During the whole of 1982 the alibi was that the world had left them behind. Do honourable members remember that? Do they remember the campaign slogan: `We're not waiting on the world'? Every morning throughout 1982 the then Treasurer, Mr Howard, stood on the front steps of Parliament House and said: `Of course, you understand about the downturn in economic activity around the world'. It was just one shocking apologia for his incompetence. The fact is that, with much more advantageous terms of trade than this Government has ever had, he gave Australia a domestically induced recession. He gave Australia-all his own work-a domestically induced recession which threw people on the scrapheap.

He talked about families. Who does he think the 750,000 people were, if they were not members of Australian families? Does he think they were Martians? How does he separate those who were unemployed from those who were members of Australian families, or those who did not have a house or had no real support from the social security system? What about the single income people with kids who were living in rented accommodation? What did he ever do for them? He did very little. We have increased support for those people markedly in the years in which we have been in government because we have targeted that social welfare assistance.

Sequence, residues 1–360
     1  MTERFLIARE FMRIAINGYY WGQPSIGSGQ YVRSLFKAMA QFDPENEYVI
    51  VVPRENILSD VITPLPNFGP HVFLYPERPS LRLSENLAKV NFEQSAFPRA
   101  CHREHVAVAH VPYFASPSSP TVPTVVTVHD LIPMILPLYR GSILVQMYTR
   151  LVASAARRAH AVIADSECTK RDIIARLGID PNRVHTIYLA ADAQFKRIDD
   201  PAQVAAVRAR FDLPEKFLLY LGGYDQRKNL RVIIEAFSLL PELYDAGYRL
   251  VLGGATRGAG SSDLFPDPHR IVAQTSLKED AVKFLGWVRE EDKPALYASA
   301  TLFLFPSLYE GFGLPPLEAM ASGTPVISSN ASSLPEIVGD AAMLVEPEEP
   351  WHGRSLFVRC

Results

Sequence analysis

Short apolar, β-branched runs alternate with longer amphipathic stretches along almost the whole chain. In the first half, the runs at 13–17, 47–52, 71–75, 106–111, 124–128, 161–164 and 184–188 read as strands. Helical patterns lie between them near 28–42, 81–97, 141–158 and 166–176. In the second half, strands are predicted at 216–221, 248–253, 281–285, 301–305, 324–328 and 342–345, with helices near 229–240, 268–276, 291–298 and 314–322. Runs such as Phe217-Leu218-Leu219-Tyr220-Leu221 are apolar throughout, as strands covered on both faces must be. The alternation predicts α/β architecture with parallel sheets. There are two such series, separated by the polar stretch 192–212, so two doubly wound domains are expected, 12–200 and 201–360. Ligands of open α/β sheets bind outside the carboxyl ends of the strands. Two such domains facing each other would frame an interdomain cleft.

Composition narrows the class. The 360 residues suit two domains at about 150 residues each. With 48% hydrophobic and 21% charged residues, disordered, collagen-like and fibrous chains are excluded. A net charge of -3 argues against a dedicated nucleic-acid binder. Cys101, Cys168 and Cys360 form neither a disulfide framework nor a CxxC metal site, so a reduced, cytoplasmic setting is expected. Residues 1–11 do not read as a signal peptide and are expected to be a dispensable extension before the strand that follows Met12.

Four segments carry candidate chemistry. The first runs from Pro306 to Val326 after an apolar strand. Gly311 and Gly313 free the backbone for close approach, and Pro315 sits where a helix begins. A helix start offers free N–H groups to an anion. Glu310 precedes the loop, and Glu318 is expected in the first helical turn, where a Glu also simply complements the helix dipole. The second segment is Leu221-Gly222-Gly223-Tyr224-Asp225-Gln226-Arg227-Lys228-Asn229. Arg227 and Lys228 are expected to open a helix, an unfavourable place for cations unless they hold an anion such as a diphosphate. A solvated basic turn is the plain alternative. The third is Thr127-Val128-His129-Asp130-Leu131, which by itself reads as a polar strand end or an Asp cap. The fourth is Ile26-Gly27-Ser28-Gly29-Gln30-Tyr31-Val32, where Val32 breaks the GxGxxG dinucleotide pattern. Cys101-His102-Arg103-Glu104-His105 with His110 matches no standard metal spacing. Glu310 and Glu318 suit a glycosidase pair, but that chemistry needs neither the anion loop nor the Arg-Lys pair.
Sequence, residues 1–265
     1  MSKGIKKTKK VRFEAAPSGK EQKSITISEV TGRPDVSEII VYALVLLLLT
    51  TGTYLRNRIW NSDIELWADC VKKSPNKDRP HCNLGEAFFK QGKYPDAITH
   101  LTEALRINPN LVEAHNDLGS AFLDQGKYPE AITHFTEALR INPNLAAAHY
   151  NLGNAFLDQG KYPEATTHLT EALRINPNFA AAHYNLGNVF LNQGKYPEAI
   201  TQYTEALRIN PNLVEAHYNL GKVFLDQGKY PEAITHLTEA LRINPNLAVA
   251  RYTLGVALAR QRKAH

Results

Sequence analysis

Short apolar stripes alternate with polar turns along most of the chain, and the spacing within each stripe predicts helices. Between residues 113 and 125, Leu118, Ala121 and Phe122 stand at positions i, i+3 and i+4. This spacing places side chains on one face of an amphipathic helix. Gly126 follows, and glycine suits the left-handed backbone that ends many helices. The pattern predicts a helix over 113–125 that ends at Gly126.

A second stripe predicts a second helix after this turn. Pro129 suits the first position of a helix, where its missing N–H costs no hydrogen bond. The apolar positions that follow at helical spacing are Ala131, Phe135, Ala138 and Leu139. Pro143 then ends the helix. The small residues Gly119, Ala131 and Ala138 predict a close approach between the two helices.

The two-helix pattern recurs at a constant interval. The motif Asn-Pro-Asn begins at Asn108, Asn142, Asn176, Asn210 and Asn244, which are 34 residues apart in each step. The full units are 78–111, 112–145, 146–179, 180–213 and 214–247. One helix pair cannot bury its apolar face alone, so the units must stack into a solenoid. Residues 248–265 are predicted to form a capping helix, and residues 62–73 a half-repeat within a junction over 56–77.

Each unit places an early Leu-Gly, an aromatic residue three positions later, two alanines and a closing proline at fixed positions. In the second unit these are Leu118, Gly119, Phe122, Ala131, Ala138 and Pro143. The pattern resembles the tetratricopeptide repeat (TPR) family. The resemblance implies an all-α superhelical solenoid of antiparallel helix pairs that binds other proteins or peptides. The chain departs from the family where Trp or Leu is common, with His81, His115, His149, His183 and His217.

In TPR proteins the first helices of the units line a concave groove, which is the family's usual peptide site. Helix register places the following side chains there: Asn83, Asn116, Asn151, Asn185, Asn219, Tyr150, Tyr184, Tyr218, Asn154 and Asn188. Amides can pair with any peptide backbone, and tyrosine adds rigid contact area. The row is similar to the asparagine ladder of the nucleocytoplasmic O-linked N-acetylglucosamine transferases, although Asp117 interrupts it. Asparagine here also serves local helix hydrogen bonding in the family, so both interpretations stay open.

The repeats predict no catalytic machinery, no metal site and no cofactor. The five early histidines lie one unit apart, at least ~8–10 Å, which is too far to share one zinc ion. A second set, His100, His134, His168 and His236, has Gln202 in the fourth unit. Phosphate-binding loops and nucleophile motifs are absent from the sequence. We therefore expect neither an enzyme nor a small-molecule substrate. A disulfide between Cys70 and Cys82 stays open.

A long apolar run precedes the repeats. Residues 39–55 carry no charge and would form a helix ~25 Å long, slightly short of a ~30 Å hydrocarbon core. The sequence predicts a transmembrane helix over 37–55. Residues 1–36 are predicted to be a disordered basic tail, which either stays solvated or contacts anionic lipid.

What we see now is not just dry economics, but the new dry social justice strategy, which is basically about looking after the rich and letting the poor go and chase themselves. That is what would happen under the kind of Liberal government that the Leader of the Opposition would run. That is why the Leader of the Opposition has basically run out of ideas. In September 1985 I introduced the tax package. It was at the time that he became leader. It is now May 1987 and he still does not have a policy. He is without ideas or a structure. He has a few vague thoughts about market economics and deregulation which he has picked up from the honourable member for Mackellar, who has a Simple Simon view of the world in terms of economics. He has picked up his social politics from his mate who has now left his staff, who was with the National Civic Council. He has gone somewhere else. I forget his name.


Mr Beddall —Henderson.


Mr KEATING —Henderson. These were the influences on him. They have left him high and dry. The mainstream of Australia has passed him by. That was never evidenced more than by the fact that four of his colleagues, on television last night, essentially damned his strategy. That is where his leadership is. He cannot command a majority in the Parliament. He could not put together a government, even if there were enough raw numbers on the conservative side, without Joh. Joh would rip asunder any lingering notion of fairness or equity. The Leader of the Opposition has a party which is divided, and he has no social strategy.

This Government sits for the economic test again on 13 May. The Opposition sits for the test on 14 May. If it fails the test, it will be in an even worse state than it is now. It is bankrupt of ideas, bankrupt of morality and bankrupt about knowing where this country ought to go.


Mr DEPUTY SPEAKER (Mr Leo McLeay) —Order! The Treasurer's time has expired.